External ear infections are usually treated with antibiotics that are in the form of eardrops. These antibiotics are given for at least 7 days to kill the microorganisms inside the ears. Administering these eardrops can be tricky or even scary for first-timers. Here are some tips that can make the administration easier:
- Before putting the drops, make sure that the ear is dry. This can be done by simply putting a clean absorbent cloth in front of the ear canal for a few seconds to let it absorb the fluid from the canal.
- Tilt your head or, better yet, lie on your side to facilitate administration of the drops. If a companion is available, ask him or her to deliver the drops to make sure that it goes right into the ear canal.
- Maintain your head tilted or keep lying on your side for 15-20 minutes to allow the medication to be absorbed by the ear.
To prevent further contamination of the ears, do not engage in swimming activities while undergoing treatment for ear infections. While showering, cover the ears with a head cap or plug them with vaselinized cotton balls to prevent water from getting in.
Middle ear infections can be treated with drops as above but are frequently treated with oral antibiotics by mouth for 7-10 days.
Aside from eardrops, other medications can be given for ear infections. These include medications for the symptomatic relief pain and/or fever. Over-the-counter pain medications like acetaminophen and ibuprofen are also available. However, for children, the dosage of these medications is dependent on weight, so a doctor’s advice might be beneficial. Aspirin, a common pain medication, should NOT be given to children because it can cause Reye’s syndrome. Reye’s syndrome is a rare but potentially fatal condition that is characterized by rashes, seizures and confusion due to the swelling of the brain and the liver.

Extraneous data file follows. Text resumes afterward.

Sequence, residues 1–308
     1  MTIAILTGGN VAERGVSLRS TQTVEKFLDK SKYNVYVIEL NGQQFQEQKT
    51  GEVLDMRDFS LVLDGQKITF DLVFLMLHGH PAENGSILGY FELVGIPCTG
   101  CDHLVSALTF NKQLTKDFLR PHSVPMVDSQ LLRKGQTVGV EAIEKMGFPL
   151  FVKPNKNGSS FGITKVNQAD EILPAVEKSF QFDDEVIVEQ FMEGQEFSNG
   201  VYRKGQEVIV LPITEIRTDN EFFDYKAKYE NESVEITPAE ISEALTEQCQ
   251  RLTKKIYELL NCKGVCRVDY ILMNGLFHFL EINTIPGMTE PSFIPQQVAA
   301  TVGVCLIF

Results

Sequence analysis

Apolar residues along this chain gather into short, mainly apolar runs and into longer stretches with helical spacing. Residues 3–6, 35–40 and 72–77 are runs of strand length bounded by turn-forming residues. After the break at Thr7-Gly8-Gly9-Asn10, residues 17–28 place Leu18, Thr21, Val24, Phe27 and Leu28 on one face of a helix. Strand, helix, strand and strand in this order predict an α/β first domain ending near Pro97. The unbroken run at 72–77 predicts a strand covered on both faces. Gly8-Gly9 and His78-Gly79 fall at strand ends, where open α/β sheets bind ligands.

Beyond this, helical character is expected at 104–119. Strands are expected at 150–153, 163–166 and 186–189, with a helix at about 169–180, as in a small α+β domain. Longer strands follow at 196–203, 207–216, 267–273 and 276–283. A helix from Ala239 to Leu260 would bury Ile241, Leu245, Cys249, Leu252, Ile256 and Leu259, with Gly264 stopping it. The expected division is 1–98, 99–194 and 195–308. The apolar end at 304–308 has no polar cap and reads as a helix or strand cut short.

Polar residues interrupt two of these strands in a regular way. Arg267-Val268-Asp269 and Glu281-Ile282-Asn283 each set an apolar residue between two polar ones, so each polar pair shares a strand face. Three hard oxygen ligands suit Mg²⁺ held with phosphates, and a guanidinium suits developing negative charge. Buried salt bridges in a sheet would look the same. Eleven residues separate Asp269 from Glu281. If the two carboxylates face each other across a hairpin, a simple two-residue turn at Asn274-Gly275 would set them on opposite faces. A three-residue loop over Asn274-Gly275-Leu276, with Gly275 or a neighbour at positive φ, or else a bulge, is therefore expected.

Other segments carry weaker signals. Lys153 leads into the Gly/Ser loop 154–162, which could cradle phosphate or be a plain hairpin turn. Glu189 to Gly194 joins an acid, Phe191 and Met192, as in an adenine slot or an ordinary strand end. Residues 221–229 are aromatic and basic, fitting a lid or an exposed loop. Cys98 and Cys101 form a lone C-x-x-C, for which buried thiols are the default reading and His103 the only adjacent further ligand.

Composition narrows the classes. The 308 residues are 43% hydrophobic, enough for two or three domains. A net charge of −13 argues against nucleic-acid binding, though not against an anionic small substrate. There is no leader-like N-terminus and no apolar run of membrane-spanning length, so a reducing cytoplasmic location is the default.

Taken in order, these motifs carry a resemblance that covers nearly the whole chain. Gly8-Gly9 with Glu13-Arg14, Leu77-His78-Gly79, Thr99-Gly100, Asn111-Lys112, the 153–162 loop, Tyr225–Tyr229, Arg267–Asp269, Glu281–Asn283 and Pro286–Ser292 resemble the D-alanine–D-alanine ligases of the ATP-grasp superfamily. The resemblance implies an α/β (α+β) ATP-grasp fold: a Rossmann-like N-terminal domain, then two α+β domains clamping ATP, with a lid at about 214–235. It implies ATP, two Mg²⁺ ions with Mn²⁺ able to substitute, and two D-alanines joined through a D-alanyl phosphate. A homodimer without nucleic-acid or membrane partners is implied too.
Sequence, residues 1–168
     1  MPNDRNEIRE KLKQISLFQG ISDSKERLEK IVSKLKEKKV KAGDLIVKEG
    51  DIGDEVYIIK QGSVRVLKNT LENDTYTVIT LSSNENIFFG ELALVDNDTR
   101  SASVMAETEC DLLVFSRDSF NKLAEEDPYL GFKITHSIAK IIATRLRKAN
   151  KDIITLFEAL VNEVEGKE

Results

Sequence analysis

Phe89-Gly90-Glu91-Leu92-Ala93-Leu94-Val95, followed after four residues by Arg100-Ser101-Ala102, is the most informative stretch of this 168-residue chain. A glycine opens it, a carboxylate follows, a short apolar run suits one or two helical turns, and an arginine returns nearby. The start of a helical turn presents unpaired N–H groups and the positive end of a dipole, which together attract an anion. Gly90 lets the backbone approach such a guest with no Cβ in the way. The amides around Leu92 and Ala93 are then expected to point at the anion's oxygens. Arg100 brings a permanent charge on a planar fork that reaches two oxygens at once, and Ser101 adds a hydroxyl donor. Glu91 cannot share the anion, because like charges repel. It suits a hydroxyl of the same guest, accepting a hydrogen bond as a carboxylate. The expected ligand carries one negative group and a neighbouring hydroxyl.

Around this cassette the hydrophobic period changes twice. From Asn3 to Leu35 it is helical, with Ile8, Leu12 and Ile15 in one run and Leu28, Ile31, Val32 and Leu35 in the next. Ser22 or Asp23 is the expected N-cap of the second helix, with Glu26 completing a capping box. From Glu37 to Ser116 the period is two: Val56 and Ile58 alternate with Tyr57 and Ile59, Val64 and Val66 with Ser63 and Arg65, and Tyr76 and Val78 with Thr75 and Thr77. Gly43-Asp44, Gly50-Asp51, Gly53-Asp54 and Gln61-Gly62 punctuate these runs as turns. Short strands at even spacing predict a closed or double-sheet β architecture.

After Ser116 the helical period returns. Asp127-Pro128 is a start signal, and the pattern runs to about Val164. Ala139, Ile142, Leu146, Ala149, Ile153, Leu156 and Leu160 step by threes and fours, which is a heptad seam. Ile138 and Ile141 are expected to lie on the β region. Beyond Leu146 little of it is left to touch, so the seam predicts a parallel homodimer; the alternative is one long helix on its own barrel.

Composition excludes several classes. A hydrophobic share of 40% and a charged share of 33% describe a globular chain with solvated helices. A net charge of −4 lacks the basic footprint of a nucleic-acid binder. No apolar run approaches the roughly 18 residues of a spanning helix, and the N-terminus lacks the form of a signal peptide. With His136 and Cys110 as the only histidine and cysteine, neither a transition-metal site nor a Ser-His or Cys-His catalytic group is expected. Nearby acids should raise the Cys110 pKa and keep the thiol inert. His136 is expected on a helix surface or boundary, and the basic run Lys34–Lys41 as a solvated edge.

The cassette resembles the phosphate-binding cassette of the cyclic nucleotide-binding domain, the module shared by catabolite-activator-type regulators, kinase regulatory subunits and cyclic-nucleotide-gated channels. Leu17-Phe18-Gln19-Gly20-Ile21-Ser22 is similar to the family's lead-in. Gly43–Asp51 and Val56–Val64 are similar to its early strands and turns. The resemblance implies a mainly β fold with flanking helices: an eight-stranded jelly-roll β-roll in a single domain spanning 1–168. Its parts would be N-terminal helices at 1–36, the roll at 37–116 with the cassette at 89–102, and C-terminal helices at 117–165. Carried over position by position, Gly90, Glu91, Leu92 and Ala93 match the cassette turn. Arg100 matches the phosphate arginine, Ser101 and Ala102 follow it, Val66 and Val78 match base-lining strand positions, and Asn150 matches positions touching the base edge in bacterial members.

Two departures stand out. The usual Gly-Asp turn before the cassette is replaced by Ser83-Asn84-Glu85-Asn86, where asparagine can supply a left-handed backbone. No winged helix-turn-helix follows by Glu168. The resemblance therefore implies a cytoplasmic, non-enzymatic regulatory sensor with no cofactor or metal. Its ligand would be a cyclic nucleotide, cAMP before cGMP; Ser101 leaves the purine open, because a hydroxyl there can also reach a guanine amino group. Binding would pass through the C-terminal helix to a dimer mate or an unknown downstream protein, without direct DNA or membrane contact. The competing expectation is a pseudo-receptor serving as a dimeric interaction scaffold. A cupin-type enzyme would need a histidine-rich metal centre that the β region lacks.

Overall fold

Although most individual feel improvement after 3 to 5 days of treatment, it is important that medications are completed as prescribed by the doctor. Early termination of medication can lead to incomplete treatment and may result in recurrence of the infection.
Treatment of ear infections is very important, especially in children, because it can lead to serious complications if left on its own. These complications include:
- Partial hearing loss or complete deafness
- Learning difficulties: A deaf child will have a lot of trouble learning new things.
- Brain abscess (extremely rare): The ear infection can creep into the brain.
The following are methods that can be helpful in preventing ear infections:
- Do not manipulate your ears. Earwax is a normal secretion of the ear and does not require removal.
- Wash your hands frequently with soap and water to avoid getting or spreading the infection.
- When swimming, wear a clean pair of earplugs to protect your ears.
- Since infection can easily spread from the nose to the ears, get vaccines against common respiratory viral illnesses.